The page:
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Patient Information

Advice following varicose vein surgery with local anaesthetic

https://kingstonhospital.nhs.uk/information/advice-following-varicose-vein-surgery-with-local-anaesthetic

This information is for anyone having varicose veins removed with a local anaesthetic. It explains what to expect after the procedure and what to do in the first days and weeks afterwards.

In hospital

After your procedure you will return to a rest-room for a few minutes. Do not get up without a nurse being there to help. 

You will have bandages over the wounds and a compression stocking on top.

Going home

You will be told when you can go home. This is usually a few minutes after the procedure.

Preferably, you should arrange for another adult to go home with you. This is in case you feel a bit wobbly or sore.

At home

If you are concerned about any part of your recovery:

call the vascular department at Kingston (during office hours)

call NHS 111

go to Kingston Hospital Emergency Department (A&E) if you need urgent help when the vascular department or your GP practice is closed.

For the first 2 days

  • Keep the bandages and compression stocking on for the first 48 hours.
  • Do not have a bath or shower because the bandages must be kept dry.
  • If your leg is sore, you can take take paracetamol or ibuprofen tablets.
  • If any of the wounds bleed, apply pressure with a bandage or towel and sit with the leg raised for 30 minutes. The bleeding should stop. If it does not stop, call NHS 111 for more advice.
  • Aim to go for a 20 minute walk, twice a day. If you can’t manage this, do as much as you can. You can do more if you feel comfortable.
  • Avoid standing still for more than 30 minutes, or sitting with your feet down.
  • When resting, sit with your legs raised. Wiggle your feet every 20 minutes or so to encourage blood flow.
  • Drink fluids to prevent dehydration. What you usually drink should be enough unless it is a very hot day.

2 days afterwards

  • Two days after the procedure, the stocking and bandages should be removed. You can do this yourself or get someone else to help you. If you cannot manage, make an appointment with your practice nurse for help.
  • Any cotton rolls over the injections sites can be removed. You can take the plasters off if you wish, or leave them on until they fall off.
  • Leave any stitches (sutures) alone. These will dissolve on their own. If the wounds become very red, hot or swollen, call NHS 111 for advice.
  • You can have a quick bath or shower. You do not need to clean the wounds. Dry them gently. Then put the stocking back on (but not the bandages).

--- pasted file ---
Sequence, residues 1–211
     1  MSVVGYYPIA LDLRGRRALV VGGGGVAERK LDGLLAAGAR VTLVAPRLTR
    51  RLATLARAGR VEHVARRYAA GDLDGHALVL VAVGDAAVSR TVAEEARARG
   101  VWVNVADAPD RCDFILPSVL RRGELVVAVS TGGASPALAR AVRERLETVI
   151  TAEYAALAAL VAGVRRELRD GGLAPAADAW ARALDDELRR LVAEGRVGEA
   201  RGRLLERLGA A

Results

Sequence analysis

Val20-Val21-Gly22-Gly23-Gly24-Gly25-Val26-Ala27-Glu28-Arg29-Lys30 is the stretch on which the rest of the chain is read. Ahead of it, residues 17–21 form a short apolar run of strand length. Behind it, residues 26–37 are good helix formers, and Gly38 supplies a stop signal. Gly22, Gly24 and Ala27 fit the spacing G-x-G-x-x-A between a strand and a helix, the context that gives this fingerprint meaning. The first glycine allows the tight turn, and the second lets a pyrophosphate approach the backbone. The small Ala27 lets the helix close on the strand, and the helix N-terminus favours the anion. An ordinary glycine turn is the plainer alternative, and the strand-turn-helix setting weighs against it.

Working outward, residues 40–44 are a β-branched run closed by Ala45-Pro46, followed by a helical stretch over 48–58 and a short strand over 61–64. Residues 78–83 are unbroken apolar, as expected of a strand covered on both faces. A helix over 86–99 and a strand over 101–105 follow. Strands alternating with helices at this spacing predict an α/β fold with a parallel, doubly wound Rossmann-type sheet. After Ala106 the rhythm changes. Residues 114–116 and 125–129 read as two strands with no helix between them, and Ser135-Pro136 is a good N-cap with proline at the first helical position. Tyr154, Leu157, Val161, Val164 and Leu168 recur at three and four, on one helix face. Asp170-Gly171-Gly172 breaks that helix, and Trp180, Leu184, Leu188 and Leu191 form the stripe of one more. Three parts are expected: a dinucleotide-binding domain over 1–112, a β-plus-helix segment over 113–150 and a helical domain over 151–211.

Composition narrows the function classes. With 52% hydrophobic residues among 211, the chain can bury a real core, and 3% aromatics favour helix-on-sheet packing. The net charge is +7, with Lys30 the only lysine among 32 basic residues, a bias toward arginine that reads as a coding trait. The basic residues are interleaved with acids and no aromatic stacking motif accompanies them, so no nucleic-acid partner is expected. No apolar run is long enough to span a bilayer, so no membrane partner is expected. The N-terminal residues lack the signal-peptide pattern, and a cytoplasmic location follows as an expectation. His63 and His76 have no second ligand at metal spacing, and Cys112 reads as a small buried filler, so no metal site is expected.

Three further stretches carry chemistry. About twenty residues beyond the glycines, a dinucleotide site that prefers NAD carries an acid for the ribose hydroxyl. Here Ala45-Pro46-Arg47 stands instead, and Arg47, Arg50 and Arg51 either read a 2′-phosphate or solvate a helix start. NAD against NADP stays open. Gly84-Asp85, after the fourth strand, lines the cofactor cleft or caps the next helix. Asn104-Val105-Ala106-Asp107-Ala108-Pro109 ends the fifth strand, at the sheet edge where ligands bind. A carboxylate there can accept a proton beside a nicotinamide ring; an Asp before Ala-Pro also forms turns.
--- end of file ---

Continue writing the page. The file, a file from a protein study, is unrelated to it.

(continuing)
For the next two weeks

  • Continue to follow the advice in the bullets above about resting and walking.
  • Wear the stocking all day. You can take it off for washing or when you go to bed. 
  • It is normal to have lumpy bruising in the thigh and around the incisions. This will fade over the next 4 weeks.
  • The inside thigh can feel stiff after the first week. This usually settles by itself but you may need ibuprofen tablets to help the process.

Activities and exercise

  • After around 3 days, if you are not too sore, you can take light exercise. For example, this could be a brisk walk, using a treadmill, or gentle swimming.
  • After about 1 week, you can try more vigorous exercise, such as aerobics or running. Only do this if you are not in pain, not bleeding and if the exercise is not uncomfortable. Make sure you drink plenty while exercising to prevent dehydration. There are no internal stitches so you are unlikely to damage yourself by excess activity.
  • You may drive when you can perform an emergency stop without hesitation or pain. This is usually around 7 to 10 days after the procedure.
  • You can return to work as soon as you feel able and can keep to the advice about standing and resting.


Contacts

Vascular department (9am to 5pm, Monday to Friday) 020 8934 6041

Translate Please speak to a member of staff before or during your visit to the hospital if you require translation.
Accessibility Please contact the Patient Experience Team on 020 8934 3850 if you need this information in a different format.
For information accessibility please visit Kingston Hospital AccessAble www.accessable.co.uk/kingston-hospital-nhs-foundation-trust
Support services

Visit the hospital website, ask a member of staff, or ring us for details.

www.kingstonhospital.nhs.uk

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Please speak to a member of staff before or during your visit to the hospital if you require translation support to access Patient Information. Please ring the phone number on your appointment letter, if you have one.

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Accessibility

Please contact the Patient Experience Team on 020 893 3850 if you need this information in a different format.
For detailed information on accessibility at Kingston Hospital visit Kingston Hospital AccessAble (https://www.accessable.co.uk/kingston-hospital-nhs-foundation-trust).


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